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18 2017 o 13:00 Air and water pollution under the climate change 쳿 ϳ , (North Carolina State University; Department of Marine, Earth, and Atmospheric Sciences) Yang Zhang https://www.meas.ncsu.edu/aqforecasting/yang_zhang.html. : Linking Air Pollution, Climate Change, and Water Resources: Integrated Earth System Model Development, Application, and Evaluation. . ³ ( 15 ). .

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Linking Air Pollution, Climate Change, and Water Resources: Integrated Earth System Model Development, Application, and Evaluation

Yang Zhang
North Carolina State University, Raleigh, NC

Air pollution and climate change are two major environmental challenges that we are facing. Both have significant impacts on human, environment, and the entire Earth system that encompasses air, water, land, ocean, and ecosystem. Air pollution has become the worlds largest single environmental health risk, responsible for 7 million people deaths per year worldwide. Adverse climate change such as heat wave, drought, wildfires, or compounding climate extremes will further increase annual air pollution-related deaths. Reducing air pollution and mitigating adverse climate change will therefore save millions of lives in the world. Integrated environmental models provide powerful tools to simulate the sources, fates, and environmental impacts of air pollutants such as tropospheric ozone and fine particular matter and to assess the co-benefits of integrated strategies for air quality control, climate change mitigation, ecosystem management, and human health protection. This seminar will present the latest research at the interdisciplinary nexus of climate change, air pollution, and water-carbon cycle. It will start with a brief review of history and current status of air quality, climate, and Earth system modeling. This will be followed by a detailed presentation of model development, improvement, evaluation, and decadal-scale application of the state of the science technology-driven Earth system model to demonstrate the current models capability in reproducing atmospheric observations, studying the impacts of climate change on air quality, water resources, and forest ecosystem at various spatial scales, and supporting win-win emission control strategies in mitigating adverse climate change, air pollution, and water shortage. Finally, future research challenges and directions will be discussed in the context of global changes, energy transition, environmental sustainability, and policy implications.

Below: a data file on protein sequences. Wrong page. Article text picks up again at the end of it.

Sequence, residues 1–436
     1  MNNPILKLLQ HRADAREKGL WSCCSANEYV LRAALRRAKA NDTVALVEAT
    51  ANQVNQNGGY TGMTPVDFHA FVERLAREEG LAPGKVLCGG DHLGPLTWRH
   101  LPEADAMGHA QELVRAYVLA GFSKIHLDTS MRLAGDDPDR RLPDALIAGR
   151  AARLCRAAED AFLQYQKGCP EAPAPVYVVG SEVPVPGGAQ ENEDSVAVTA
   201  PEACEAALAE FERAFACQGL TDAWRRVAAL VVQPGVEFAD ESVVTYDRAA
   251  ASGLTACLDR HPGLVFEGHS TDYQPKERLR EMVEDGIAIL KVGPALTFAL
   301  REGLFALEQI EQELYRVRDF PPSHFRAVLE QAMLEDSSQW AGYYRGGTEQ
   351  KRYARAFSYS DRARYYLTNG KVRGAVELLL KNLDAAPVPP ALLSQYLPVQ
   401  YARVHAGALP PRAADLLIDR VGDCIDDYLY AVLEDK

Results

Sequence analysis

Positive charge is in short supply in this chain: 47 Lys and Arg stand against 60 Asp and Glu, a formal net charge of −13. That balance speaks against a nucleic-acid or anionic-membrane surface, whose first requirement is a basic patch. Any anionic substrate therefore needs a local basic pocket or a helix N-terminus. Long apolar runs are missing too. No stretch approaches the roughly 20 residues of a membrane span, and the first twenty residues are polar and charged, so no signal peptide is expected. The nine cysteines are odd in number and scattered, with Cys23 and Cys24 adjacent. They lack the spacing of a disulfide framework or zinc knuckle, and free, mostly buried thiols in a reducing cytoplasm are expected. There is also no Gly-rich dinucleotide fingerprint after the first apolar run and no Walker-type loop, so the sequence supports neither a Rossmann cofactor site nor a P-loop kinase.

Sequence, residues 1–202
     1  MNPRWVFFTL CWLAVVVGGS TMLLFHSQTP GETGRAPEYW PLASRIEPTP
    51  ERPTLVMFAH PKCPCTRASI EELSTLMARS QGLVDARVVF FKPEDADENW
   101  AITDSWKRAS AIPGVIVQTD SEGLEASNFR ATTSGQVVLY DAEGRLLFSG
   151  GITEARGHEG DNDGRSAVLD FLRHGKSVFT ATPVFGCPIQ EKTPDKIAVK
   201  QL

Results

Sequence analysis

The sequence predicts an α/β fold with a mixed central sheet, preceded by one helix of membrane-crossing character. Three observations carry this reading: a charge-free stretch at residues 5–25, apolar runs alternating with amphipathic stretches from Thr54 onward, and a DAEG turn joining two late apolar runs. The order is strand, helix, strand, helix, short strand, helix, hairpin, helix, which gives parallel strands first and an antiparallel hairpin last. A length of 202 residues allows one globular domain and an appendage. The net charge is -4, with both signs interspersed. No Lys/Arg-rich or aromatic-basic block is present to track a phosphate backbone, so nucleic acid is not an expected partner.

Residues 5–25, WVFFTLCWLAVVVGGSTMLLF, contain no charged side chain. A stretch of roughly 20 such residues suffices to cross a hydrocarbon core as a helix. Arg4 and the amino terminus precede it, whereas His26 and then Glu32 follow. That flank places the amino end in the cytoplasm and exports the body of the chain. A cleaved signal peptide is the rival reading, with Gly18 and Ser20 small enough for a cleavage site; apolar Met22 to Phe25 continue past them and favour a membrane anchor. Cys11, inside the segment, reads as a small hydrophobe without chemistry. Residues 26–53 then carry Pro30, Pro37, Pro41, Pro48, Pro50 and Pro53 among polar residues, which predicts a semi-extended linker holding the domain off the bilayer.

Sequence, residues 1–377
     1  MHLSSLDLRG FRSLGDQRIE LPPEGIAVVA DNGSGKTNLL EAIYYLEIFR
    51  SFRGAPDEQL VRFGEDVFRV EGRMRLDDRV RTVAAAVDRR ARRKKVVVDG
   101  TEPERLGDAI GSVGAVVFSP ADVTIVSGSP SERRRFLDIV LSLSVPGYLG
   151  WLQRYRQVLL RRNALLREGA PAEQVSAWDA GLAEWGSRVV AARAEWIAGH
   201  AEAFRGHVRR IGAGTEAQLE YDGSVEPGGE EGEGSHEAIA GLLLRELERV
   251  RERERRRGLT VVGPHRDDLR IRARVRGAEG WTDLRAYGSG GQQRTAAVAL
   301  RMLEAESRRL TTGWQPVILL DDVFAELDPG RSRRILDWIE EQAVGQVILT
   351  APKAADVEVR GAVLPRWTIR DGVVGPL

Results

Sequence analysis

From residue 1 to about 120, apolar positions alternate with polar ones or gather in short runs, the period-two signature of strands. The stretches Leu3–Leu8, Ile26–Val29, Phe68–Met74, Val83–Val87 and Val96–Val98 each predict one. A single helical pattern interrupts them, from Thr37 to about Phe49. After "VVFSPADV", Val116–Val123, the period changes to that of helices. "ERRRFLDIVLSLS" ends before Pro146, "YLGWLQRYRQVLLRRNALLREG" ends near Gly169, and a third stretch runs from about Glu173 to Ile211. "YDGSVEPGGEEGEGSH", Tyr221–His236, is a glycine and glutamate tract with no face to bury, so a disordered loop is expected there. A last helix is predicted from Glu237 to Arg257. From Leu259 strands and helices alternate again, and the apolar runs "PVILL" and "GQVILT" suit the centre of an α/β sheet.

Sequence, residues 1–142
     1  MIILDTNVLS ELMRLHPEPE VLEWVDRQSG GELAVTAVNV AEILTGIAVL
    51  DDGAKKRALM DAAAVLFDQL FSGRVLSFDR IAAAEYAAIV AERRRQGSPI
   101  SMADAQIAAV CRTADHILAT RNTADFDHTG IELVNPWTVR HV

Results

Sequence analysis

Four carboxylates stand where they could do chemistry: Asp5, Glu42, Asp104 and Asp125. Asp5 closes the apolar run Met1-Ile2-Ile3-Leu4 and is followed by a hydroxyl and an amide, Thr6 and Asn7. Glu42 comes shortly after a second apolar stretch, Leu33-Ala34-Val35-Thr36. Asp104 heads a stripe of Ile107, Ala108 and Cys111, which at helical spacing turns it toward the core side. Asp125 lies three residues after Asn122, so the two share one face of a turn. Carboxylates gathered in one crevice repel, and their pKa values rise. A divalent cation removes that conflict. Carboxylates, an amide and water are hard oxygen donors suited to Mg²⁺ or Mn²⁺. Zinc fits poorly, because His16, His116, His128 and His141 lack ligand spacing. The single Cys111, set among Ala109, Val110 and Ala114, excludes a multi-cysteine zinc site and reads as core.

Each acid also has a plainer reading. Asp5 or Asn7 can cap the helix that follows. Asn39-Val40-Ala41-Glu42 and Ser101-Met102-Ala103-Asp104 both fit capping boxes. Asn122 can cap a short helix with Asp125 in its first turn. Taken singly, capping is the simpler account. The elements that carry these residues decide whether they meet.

Short Biography of Yang Zhang

Dr. Zhang is a Professor in the Department of Marine, Earth, and Atmospheric Sciences at North Carolina State University (NC State), Raleigh, North Carolina, USA. Prior to joining NC State in 2013, Dr. Zhang has 3-year research experience at the Pacific Northwest National Laboratory (PNNL) and 6-yr research and consulting experience at Atmospheric & Environmental Research (AER), Inc. She holds a Ph.D. degree in Chemical and Biochemical Engineering from the University of Iowa and a B.S. degree in Environmental Engineering from Tsinghua University, China. Dr. Zhang specializes in 3-D numerical modeling and theoretical study of energy- and health-relevant air pollutants and their environmental and health impacts. She led or contributed to the development, improvement, application, and evaluation of a number of major 3-D atmospheric/Earth system models on urban, regional, and global scales. Her research is highly interdisciplinary and covers a wide spectrum of topics from local to global scales, for example, molecular-scale mass transfer between air and condensed surfaces, urban air pollution and health impacts, regional and continental pollution transport, global climate change and Earth system modeling, as well as interactions among energy/fuel use, climate/meteorology, air quality, water resources, human health, land, ocean, forest, and ecosystems. Dr. Zhang authored or co-authored nearly 150 peer-reviewed journal publications. The number of her publication citations from the ISI Web of Sciences is over 4300 and the h-index is 33. Dr. Zhang was a recipient of the U.S. NSF Career Award in Atmospheric Chemistry in 2004 and several international fellowship and scholarship awards in 2010 and 2017. She has served as a technical committee member or chair/co-chair for a number of international conferences/workshops and academic panels/committees including the External Advisory Committee of the Community Modeling and Analysis System center, the UNC at Chapel Hill. She is the Editor-in-Chief, Climate.

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